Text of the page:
I agree that a 340 powered Dart would make a great tow vehicle. The problem with my Dart was that it had the 225 six in it and lacked power breaks. I can remember at least two occasions when after being parked at a trailhead in the Sierras for several days the breaks would give out coming down the mountain. Not an encouraging sign for a TV. When the car became mine in high school, I learned a lot about car care and how to work on engines and especially breaks. In fact, I learned so much that I won't work on my own breaks today, never could get the hang of bleeding them correctly.

Your story about how you acquired your AS sounds really interesting. In my experience, the perfect anything usually comes that way, you really have to rush to beat everyone else. My problem is that I don't know where to research vintage Airstreams let alone their value.

I guess that my question would be, "Where can one research vintage Airstream floor plans, models, specs, and so forth?" I'm assuming that there are no central clearing houses of information. Another question would be, "How to know when the Airstream that your looking at is a diamond in the rough or should be passed by?"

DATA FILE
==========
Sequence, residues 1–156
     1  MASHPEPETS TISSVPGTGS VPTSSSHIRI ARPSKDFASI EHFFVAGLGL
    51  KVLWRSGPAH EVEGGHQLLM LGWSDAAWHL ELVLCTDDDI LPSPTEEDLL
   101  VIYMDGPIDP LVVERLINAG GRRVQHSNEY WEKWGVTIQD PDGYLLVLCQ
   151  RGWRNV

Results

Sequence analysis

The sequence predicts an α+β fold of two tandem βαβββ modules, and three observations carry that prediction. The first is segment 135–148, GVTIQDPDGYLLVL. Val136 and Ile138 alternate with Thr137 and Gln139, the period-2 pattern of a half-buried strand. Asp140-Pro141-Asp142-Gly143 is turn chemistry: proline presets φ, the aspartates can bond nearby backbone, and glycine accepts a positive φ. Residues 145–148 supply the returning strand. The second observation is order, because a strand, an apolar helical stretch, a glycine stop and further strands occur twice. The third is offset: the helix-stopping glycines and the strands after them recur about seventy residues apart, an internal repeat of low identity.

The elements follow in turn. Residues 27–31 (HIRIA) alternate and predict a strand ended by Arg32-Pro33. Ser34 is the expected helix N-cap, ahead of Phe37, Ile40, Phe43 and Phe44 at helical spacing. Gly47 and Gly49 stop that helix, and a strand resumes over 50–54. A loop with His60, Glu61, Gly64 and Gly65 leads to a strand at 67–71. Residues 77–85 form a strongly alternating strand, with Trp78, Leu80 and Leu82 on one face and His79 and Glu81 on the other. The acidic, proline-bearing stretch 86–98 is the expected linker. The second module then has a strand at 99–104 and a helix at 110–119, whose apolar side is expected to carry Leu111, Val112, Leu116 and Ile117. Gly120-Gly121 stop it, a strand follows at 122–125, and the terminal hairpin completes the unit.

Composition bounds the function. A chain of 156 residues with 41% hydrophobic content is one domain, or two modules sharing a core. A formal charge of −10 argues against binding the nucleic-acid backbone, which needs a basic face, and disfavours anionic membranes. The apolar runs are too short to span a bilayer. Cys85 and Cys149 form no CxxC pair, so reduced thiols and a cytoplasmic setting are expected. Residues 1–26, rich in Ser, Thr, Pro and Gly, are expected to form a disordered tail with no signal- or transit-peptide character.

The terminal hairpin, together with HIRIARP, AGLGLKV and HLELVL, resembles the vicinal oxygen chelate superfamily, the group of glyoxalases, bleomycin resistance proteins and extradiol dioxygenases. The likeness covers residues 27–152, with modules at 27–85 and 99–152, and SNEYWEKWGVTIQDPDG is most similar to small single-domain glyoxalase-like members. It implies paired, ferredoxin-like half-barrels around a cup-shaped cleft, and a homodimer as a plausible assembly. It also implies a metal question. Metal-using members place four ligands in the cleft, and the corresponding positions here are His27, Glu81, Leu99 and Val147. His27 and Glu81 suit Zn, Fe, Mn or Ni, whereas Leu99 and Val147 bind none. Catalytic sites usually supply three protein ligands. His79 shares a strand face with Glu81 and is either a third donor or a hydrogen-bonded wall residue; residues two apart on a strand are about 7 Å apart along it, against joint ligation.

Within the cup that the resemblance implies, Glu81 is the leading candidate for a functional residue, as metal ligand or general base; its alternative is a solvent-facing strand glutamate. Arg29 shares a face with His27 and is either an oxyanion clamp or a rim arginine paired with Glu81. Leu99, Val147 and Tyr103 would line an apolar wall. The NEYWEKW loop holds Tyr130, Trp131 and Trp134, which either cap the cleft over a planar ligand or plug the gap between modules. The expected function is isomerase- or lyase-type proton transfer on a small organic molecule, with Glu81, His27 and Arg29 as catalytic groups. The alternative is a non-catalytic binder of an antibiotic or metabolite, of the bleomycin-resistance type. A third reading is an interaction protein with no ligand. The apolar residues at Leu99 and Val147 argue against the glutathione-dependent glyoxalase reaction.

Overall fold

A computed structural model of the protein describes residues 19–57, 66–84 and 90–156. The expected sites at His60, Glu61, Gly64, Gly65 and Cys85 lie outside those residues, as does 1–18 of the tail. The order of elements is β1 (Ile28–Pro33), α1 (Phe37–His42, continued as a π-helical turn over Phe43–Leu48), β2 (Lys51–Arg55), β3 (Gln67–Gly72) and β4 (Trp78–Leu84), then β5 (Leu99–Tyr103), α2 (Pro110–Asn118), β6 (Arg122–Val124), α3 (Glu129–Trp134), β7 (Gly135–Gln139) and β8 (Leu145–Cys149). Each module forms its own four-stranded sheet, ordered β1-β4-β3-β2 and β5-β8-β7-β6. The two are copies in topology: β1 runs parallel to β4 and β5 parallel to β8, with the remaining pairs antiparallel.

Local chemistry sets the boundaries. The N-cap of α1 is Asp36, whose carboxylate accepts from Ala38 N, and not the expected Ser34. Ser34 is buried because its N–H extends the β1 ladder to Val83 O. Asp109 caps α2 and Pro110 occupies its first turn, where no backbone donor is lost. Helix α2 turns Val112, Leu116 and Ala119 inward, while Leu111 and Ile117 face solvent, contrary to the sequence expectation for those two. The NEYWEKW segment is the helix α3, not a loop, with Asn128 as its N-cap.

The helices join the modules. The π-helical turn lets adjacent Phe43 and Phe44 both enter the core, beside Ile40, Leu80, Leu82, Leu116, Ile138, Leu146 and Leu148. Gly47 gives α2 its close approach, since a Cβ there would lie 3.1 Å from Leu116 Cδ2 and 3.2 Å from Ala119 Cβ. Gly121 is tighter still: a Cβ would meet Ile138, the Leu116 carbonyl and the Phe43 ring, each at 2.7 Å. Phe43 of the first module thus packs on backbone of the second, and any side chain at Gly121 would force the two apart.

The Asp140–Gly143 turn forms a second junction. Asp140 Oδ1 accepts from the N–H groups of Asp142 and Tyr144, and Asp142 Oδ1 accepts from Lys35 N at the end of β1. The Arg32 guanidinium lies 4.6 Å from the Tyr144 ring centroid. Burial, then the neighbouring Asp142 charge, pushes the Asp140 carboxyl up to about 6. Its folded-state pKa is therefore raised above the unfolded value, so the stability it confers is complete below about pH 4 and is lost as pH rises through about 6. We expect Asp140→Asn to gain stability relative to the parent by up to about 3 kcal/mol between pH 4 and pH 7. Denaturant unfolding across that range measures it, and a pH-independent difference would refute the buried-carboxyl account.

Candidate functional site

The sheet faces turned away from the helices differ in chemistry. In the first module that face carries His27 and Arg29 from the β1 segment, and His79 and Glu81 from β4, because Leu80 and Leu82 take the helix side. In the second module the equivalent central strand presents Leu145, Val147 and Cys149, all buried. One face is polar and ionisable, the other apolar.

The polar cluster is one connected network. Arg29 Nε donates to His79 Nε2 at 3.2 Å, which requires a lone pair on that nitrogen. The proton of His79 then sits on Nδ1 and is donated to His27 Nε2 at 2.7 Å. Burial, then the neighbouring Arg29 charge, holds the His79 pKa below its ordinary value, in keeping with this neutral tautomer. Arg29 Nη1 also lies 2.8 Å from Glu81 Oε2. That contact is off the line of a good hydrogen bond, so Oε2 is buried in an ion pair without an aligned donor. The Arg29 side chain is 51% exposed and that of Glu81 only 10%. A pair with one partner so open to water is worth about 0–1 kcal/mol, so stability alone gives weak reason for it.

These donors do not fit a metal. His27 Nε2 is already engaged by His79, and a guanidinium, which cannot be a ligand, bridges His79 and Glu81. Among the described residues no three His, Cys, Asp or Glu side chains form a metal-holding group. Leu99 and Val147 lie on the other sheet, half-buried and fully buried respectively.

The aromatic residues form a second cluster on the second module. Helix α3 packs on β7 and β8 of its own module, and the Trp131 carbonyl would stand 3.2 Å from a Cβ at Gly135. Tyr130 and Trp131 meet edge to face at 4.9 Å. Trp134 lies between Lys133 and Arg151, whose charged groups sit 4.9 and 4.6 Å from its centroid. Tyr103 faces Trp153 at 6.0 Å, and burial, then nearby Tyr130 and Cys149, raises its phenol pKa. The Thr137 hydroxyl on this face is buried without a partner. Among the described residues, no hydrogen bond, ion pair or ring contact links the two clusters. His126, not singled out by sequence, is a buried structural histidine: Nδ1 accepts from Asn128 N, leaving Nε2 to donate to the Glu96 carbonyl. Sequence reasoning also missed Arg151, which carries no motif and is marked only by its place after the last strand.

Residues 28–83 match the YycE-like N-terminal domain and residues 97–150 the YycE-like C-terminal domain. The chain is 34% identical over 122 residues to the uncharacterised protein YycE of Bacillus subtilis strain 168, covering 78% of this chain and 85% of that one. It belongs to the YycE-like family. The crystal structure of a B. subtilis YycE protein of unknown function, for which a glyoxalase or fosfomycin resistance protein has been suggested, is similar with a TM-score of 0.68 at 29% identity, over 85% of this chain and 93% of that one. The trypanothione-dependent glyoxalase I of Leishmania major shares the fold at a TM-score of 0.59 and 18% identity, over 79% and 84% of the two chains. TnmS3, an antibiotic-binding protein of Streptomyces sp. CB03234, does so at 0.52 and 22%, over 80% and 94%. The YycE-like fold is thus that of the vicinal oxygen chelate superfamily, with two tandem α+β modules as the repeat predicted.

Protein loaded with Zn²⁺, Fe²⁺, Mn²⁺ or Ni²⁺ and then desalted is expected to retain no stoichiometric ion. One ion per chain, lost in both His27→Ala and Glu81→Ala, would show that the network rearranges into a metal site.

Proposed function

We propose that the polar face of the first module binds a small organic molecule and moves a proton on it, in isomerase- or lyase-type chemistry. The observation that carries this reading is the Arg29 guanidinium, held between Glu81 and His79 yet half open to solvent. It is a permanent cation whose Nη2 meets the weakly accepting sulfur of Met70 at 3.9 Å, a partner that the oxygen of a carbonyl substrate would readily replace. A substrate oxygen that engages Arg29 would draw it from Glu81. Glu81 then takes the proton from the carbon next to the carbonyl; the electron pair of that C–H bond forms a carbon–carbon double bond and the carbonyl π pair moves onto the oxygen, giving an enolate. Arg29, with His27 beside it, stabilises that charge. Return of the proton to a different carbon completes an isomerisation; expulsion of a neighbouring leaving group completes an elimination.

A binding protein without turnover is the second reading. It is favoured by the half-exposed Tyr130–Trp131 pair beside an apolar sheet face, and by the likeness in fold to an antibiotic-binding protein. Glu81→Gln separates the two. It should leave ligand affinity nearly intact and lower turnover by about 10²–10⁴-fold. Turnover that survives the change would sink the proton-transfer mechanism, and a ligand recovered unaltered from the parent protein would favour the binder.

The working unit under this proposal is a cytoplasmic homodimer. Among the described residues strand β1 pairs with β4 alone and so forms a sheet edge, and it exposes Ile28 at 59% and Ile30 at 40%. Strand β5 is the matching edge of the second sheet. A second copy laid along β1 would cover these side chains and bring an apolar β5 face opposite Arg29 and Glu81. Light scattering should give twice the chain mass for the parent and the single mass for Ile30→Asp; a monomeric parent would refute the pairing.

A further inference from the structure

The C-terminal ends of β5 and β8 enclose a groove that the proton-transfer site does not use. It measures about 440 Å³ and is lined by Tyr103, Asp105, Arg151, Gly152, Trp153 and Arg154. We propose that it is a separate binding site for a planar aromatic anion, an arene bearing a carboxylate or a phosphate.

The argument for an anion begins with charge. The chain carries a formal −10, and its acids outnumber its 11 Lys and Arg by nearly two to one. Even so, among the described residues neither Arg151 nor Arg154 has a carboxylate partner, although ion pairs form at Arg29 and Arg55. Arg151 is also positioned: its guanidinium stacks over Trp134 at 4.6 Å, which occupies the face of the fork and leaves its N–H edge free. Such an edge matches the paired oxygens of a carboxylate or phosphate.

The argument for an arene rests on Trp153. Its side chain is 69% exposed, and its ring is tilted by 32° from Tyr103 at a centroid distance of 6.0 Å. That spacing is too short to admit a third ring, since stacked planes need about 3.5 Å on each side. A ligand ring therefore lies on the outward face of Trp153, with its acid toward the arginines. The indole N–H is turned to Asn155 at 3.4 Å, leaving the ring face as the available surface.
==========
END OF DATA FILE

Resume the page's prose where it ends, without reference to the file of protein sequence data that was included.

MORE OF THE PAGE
I assume that finding the answers to these questions is part of the fun and challenge of Vintage Airstream ownership. Kind of a right of passage. That's fine, I'm up for it. Besides, the longer I wait, the more things that I come up with to do the trailer. Currently, I've come up with a design for a AS Computer. Basically, it is a completely solid state (SSD drive - no hard disk), low power computer to control the lights, a/c, heater, internet access, weather reports, and so forth (look at the cabin control panel the next time you fly on a 777). OK, I admit that it completely unnecessary, but still it would be kind of cool to bring a 60's space age era AS into the 21st century.

I think that your Tin Tea House sounds like a wonderful place to hang out and relax. I wonder, do you and your wife do tea ceremonies in it? Do you have a noren for the bath that says "yu"? Nobuko has already put that on the shopping list for the next trip to Japan.

Like your Ami, when Nobuko set foot on the first Airstream (a 19' FC Bambi) she was sold and no other trailer or even class "A" will do...

Thank you again for the encouragement and information. I hope to see you on the road someday. Until then Happy Airstreaming!

Rion
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Old 09-20-2011, 11:28 PM   #22
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Hi Phbarnhart,